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  3. Thanks for the comments. I should mention that if you click on the third photo, then click the magnifying-glass icon at the top (“all sizes”), you can a better idea of just how many colors are in its coat. (Yes, I hit “contrast” in Photoshop, but just a little.)

    Joan – I’m still working on a good possum shot (my mother could’ve used an extra illustration for her latest column). The trouble there is that possums tend not to be out when the light is good.

    David – According to the Wikipedia article on woodchucks, they actually have two distinct layers of fur: “Suited to their temperate habitat, groundhogs are covered with two coats of fur: a dense grey undercoat and a longer coat of banded guard hairs that gives the groundhog its distinctive ‘frosted’ appearance.” I guess I’d quibble with the “grey” part.

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  4. Thanks for the close up of the fur, do you think it is coarse to the touch? kinda looks that way. Or maybe it is like a beaver, I have felt a beaver pelt, but don’t reckon I ever have a ground hog.
    (S)he looks like a mature critter , perhaps their color “silvers” as they mature?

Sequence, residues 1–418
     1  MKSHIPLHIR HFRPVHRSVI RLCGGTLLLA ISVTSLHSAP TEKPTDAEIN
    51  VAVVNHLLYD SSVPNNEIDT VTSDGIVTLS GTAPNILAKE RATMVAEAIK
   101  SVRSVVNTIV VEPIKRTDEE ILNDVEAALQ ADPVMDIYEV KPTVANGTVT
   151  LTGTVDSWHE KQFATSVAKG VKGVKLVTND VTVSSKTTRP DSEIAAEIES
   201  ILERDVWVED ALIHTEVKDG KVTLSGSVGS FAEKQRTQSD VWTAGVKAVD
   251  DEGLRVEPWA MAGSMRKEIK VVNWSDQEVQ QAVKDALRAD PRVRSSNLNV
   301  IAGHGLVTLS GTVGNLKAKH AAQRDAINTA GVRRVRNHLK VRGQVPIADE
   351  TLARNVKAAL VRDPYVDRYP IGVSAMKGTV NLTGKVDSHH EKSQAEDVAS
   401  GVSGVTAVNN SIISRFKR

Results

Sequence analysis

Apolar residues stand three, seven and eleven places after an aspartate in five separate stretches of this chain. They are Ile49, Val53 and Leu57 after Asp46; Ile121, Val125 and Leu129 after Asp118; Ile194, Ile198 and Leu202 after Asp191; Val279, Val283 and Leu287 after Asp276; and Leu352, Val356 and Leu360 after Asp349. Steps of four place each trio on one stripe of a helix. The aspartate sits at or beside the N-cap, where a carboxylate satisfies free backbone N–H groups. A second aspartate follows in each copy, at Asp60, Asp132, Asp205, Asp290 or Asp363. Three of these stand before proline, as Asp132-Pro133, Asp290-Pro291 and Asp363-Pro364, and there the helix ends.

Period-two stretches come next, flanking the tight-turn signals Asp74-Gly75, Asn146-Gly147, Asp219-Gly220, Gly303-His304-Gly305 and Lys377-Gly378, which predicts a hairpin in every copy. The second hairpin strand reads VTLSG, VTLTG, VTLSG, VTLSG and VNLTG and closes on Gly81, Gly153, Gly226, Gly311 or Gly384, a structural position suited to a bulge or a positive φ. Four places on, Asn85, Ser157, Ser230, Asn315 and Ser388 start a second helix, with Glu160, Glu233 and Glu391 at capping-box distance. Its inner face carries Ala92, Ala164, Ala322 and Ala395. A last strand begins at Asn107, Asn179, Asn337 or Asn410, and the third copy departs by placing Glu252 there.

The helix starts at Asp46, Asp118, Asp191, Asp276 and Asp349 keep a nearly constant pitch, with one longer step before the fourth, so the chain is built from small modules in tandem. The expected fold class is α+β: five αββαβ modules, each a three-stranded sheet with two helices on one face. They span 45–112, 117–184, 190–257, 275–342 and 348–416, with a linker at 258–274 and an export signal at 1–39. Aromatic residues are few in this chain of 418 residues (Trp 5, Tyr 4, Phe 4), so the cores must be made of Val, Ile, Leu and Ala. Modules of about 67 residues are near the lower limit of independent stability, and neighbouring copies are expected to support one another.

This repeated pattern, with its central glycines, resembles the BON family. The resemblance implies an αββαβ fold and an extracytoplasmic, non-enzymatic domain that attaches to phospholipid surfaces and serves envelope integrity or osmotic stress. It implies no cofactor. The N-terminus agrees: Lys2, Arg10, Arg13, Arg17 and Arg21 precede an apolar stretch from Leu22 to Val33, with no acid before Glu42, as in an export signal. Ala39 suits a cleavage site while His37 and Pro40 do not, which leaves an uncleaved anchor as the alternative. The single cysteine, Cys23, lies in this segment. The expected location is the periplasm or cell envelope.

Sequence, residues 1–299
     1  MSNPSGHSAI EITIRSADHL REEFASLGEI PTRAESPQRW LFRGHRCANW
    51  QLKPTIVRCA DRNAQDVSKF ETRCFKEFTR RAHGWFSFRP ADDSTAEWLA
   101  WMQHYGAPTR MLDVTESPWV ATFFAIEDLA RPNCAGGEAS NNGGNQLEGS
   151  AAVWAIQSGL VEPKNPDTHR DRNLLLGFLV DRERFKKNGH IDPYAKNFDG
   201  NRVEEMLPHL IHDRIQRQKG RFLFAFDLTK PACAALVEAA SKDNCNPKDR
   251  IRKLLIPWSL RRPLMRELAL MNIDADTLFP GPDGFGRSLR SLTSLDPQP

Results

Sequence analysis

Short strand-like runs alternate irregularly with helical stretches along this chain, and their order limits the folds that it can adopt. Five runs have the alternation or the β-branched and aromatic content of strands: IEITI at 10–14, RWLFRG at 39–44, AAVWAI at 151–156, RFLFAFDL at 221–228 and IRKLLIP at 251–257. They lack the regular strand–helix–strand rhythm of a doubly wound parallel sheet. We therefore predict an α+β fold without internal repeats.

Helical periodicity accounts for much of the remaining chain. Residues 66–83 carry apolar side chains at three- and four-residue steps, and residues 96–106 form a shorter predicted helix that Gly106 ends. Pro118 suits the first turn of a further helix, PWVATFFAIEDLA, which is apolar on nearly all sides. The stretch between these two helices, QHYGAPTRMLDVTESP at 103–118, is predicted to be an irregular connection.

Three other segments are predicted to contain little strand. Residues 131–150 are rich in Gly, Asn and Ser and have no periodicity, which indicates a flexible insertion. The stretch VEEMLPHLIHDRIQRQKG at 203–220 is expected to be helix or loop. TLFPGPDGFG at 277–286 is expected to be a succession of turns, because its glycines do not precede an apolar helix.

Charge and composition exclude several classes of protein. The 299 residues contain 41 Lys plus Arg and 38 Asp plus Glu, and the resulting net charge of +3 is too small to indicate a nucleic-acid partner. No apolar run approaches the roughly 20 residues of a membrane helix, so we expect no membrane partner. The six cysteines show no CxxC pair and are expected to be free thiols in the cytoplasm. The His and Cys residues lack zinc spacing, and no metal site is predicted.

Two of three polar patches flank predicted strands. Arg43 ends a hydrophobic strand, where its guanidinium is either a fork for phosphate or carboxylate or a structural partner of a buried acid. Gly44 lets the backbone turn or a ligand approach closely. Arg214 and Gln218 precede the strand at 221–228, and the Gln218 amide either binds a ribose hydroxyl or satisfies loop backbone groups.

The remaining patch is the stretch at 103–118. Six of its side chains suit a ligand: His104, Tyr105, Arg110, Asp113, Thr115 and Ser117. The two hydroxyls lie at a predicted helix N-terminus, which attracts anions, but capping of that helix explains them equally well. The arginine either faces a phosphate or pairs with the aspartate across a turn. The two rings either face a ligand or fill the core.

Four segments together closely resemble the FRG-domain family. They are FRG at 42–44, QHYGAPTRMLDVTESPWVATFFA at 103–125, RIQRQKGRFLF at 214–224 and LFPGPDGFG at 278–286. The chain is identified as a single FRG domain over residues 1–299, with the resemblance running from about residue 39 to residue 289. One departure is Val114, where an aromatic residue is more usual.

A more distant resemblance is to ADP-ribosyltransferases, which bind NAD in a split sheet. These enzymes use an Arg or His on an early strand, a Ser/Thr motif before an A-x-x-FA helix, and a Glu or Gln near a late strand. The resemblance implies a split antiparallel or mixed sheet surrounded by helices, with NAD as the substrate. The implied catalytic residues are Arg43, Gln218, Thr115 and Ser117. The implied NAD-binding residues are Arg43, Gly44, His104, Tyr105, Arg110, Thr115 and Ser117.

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  5. I’m not sure their coat gets coarser or more silver with age. It is fairly coarse to the touch, though, yes. (I have felt plenty of dead ones over the years.)

    Thanks for visiting. It’s always nice to see another Appalachian blogger.

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  6. I think Woodchucks are also called Whistlepigs because of their high pitched calls. One chased my husband half way across our back yard when he accidently blocked its path.

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  7. Wow. Yeah, they can be aggressive – though I’ve never been chased myself. I’ve seen them hold their ground against dogs. As for the whistling part, believe it or not, I’ve never actually heard them do that, though it’s supposed to be common. Either our chucks are unusually mute, or I’m deaf in the upper register.

    Thanks for stopping by.